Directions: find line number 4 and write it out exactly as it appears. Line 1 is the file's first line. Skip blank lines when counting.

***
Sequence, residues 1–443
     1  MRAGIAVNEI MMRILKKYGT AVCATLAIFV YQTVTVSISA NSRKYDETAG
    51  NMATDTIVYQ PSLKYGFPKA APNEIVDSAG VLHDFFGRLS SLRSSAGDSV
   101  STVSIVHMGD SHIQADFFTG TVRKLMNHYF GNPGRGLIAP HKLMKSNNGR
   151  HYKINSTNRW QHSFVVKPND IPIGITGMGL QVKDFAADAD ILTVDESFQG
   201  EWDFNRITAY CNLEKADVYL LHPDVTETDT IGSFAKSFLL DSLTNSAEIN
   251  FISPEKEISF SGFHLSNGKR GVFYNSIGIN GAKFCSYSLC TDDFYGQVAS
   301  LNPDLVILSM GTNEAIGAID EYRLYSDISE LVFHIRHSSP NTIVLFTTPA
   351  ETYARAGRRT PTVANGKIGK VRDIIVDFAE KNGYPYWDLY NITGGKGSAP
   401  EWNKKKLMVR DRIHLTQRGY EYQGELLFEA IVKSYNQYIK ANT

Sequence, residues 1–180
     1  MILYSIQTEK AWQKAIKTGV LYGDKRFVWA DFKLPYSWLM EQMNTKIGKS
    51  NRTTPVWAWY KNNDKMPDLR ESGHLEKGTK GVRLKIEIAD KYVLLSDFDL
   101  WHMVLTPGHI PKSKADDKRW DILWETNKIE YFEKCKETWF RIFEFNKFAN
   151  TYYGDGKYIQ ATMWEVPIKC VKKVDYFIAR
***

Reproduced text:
   101  STVSIVHMGD SHIQADFFTG TVRKLMNHYF GNPGRGLIAP HKLMKSNNGR